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Biophys J. 2014 Jan 7;106(1):201-9. doi: 10.1016/j.bpj.2013.11.023.

Geometrical membrane curvature as an allosteric regulator of membrane protein structure and function.

Author information

1
Bionanotechnology and Nanomedicine Laboratory, Department of Chemistry, University of Copenhagen, Copenhagen, Denmark; Nano-Science Center, University of Copenhagen, Copenhagen, Denmark; Lundbeck Foundation Center for Biomembranes in Nanomedicine, University of Copenhagen, Copenhagen, Denmark.
2
Bionanotechnology and Nanomedicine Laboratory, Department of Chemistry, University of Copenhagen, Copenhagen, Denmark; Nano-Science Center, University of Copenhagen, Copenhagen, Denmark; Lundbeck Foundation Center for Biomembranes in Nanomedicine, University of Copenhagen, Copenhagen, Denmark. Electronic address: stamou@nano.ku.dk.

Abstract

Transmembrane proteins are embedded in cellular membranes of varied lipid composition and geometrical curvature. Here, we studied for the first time the allosteric effect of geometrical membrane curvature on transmembrane protein structure and function. We used single-channel optical analysis of the prototypic transmembrane β-barrel α-hemolysin (α-HL) reconstituted on immobilized single small unilamellar liposomes of different diameter and therefore curvature. Our data demonstrate that physiologically abundant geometrical membrane curvatures can enforce a dramatic allosteric regulation (1000-fold inhibition) of α-HL permeability. High membrane curvatures (1/diameter ~1/40 nm(-1)) compressed the effective pore diameter of α-HL from 14.2 ± 0.8 Å to 11.4 ± 0.6 Å. This reduction in effective pore area (~40%) when combined with the area compressibility of α-HL revealed an effective membrane tension of ~50 mN/m and a curvature-imposed protein deformation energy of ~7 kBT. Such substantial energies have been shown to conformationally activate, or unfold, β-barrel and α-helical transmembrane proteins, suggesting that membrane curvature could likely regulate allosterically the structure and function of transmembrane proteins in general.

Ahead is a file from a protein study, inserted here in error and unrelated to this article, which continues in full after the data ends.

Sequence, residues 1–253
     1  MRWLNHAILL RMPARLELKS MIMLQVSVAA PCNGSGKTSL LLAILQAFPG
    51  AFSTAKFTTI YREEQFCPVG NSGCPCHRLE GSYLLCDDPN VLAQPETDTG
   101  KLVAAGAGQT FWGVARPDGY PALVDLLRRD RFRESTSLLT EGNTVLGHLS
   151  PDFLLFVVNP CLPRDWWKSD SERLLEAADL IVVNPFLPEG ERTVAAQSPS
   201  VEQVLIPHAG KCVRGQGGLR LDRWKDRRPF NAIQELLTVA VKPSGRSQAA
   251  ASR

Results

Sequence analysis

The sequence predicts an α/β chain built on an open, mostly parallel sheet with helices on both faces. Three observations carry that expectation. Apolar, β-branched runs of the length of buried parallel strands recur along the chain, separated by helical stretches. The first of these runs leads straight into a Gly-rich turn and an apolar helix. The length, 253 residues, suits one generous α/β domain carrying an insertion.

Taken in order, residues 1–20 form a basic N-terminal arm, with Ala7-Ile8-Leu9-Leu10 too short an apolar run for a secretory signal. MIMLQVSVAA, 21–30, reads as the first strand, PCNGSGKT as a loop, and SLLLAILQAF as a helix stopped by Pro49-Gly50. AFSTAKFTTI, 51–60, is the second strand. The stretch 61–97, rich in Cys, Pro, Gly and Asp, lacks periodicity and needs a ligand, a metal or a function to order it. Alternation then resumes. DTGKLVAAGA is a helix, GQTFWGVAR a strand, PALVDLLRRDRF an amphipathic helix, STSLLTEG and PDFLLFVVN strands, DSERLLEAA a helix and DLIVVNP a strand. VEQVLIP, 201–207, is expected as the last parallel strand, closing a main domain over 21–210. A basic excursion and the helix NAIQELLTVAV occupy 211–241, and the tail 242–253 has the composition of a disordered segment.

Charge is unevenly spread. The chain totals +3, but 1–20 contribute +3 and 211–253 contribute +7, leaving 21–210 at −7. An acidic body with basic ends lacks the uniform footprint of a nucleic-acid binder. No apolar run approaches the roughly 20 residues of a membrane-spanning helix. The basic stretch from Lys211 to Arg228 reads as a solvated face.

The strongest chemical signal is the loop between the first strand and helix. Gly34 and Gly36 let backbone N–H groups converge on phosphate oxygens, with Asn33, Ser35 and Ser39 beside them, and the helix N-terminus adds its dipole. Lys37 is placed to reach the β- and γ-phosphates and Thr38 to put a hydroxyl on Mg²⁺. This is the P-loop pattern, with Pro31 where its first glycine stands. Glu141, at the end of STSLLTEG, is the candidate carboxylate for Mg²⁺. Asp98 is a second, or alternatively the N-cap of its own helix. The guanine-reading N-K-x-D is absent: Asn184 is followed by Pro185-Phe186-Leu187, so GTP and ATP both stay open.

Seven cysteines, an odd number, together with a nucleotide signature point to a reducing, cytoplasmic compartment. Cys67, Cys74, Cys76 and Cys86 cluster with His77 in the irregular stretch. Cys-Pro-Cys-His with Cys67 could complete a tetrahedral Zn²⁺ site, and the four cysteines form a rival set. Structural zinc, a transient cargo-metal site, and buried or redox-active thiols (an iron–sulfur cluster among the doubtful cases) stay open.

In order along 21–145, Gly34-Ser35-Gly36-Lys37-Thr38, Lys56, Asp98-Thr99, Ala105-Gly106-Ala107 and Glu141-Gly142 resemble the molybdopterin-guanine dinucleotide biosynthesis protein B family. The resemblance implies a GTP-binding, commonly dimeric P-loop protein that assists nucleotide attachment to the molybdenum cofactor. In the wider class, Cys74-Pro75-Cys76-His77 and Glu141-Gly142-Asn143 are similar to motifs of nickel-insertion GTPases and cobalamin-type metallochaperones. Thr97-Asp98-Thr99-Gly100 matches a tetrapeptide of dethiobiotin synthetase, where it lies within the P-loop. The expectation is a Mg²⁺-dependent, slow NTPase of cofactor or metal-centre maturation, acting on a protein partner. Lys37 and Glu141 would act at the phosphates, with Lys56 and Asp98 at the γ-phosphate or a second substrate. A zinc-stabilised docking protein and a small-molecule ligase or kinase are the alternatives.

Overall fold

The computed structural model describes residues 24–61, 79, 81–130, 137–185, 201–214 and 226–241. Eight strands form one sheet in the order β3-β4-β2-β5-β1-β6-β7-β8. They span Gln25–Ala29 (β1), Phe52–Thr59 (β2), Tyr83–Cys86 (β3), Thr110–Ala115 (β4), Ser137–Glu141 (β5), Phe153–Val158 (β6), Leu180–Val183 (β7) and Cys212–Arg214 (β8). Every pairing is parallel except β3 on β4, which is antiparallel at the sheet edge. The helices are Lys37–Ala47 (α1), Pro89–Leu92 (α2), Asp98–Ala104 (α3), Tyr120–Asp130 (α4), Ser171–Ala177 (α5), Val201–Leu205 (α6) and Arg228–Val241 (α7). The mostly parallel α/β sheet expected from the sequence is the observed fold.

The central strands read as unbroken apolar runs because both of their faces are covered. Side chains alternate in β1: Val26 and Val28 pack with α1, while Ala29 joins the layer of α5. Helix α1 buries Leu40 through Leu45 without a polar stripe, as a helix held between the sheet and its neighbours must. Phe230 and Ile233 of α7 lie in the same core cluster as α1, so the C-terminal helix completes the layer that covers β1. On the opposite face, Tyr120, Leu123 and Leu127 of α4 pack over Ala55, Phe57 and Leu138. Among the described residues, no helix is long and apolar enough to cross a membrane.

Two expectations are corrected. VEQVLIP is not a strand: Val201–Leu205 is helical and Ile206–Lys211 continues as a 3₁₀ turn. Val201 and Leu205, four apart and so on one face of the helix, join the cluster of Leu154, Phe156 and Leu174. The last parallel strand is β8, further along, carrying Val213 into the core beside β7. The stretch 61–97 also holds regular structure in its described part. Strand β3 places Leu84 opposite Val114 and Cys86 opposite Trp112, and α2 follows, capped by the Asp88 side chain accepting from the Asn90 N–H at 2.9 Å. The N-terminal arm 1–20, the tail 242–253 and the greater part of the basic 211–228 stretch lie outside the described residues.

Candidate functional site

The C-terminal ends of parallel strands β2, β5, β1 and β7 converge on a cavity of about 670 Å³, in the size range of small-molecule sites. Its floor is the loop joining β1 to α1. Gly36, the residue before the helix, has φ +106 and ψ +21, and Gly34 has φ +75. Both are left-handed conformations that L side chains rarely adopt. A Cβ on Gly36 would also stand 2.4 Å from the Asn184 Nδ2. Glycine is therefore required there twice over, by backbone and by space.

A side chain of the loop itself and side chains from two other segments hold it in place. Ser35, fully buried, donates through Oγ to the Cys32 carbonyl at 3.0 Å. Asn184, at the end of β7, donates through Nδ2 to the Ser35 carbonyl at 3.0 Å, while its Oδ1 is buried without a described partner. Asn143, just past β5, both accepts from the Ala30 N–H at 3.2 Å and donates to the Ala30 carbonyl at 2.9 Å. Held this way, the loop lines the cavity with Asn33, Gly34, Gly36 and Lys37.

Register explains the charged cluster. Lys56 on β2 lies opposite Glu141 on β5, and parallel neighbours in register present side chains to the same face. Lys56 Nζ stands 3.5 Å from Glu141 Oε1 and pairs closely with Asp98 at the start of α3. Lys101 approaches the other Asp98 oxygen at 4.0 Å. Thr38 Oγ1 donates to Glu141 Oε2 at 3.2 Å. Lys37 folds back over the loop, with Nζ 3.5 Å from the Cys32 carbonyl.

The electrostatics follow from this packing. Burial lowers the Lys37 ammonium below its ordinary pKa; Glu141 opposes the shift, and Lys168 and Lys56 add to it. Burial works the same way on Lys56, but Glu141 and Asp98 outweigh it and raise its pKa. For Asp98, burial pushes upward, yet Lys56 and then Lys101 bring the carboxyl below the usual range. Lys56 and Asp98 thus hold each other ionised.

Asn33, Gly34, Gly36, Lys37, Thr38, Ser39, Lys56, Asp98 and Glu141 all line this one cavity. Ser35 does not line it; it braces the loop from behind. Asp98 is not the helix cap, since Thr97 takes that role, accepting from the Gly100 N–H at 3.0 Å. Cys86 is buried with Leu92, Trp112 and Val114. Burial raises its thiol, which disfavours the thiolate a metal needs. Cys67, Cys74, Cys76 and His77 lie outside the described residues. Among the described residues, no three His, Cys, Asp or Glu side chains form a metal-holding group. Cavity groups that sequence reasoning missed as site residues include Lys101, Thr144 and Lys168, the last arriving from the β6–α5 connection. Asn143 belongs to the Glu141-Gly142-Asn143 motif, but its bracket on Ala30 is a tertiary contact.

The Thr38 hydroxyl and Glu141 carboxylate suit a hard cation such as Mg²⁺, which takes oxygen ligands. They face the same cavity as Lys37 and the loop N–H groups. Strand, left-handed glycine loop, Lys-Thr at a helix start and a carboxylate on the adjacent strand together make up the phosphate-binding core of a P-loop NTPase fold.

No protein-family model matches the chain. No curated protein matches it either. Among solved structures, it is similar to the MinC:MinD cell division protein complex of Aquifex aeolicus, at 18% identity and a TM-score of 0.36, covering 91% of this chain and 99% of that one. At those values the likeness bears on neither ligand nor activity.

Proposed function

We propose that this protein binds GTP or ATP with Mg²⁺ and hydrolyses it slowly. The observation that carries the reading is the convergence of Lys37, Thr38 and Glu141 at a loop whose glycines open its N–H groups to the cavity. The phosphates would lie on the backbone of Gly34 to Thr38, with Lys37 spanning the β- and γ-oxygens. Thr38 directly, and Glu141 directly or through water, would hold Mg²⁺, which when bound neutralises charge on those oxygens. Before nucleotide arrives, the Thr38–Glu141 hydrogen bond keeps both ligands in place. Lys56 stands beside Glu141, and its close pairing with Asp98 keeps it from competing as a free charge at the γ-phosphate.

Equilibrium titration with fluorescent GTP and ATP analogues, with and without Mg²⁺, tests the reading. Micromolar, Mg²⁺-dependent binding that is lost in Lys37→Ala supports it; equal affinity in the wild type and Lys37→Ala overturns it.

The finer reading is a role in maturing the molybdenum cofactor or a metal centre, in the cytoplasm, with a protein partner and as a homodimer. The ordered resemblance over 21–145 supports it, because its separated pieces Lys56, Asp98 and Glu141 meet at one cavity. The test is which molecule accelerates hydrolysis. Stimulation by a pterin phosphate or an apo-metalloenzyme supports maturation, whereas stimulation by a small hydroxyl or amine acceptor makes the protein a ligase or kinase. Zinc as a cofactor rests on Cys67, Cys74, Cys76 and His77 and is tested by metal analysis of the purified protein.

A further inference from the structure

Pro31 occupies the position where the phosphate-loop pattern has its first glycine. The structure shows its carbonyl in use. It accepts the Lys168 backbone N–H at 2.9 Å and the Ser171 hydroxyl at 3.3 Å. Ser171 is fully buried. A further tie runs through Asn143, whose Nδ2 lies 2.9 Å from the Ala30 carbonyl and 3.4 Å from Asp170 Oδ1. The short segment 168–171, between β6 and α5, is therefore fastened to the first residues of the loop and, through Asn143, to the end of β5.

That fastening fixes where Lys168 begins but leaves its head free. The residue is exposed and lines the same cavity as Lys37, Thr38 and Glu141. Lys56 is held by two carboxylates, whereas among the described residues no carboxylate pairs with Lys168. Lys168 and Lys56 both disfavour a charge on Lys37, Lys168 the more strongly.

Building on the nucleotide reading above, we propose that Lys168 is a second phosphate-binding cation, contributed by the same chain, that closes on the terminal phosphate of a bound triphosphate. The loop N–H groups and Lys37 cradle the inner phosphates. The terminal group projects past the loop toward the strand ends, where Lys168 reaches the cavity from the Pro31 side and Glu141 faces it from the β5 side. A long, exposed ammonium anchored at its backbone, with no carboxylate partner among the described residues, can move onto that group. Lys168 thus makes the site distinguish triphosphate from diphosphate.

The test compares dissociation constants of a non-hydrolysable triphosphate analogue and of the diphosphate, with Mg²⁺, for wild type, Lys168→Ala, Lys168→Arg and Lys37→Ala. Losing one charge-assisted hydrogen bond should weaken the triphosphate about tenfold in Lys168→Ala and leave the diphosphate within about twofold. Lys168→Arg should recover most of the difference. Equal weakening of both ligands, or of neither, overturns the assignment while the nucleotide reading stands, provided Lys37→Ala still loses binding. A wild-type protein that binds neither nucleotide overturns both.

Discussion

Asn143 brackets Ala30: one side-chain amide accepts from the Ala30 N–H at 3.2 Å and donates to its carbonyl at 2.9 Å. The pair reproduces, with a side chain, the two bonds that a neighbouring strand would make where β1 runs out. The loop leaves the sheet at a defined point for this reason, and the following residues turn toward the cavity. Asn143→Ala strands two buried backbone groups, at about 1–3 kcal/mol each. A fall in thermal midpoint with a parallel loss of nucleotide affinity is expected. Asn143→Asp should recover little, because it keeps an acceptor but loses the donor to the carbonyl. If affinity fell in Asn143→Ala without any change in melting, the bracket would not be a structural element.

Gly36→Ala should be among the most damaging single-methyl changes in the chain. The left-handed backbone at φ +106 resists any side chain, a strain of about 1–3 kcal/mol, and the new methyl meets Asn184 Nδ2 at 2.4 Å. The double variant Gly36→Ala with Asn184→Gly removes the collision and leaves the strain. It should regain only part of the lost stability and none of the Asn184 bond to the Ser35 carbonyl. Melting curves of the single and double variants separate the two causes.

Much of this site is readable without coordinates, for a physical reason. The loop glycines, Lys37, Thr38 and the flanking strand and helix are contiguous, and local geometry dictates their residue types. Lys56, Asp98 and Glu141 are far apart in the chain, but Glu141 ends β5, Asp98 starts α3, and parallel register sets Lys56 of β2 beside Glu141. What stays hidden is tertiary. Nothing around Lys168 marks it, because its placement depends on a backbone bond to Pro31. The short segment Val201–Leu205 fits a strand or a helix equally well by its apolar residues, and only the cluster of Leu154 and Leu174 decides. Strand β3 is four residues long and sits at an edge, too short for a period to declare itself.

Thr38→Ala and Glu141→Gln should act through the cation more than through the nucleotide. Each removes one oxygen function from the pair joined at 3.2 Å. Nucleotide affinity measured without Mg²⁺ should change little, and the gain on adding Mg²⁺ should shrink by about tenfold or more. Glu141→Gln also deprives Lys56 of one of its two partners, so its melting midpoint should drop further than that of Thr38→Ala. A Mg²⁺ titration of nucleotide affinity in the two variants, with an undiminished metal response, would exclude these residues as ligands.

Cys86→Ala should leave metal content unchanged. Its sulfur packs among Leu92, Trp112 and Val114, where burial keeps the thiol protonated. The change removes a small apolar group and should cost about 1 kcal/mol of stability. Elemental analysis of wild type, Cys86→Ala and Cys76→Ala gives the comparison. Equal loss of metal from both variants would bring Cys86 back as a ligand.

PMID:
24411252
PMCID:
PMC3907227
DOI:
10.1016/j.bpj.2013.11.023
[Indexed for MEDLINE]
Free PMC Article

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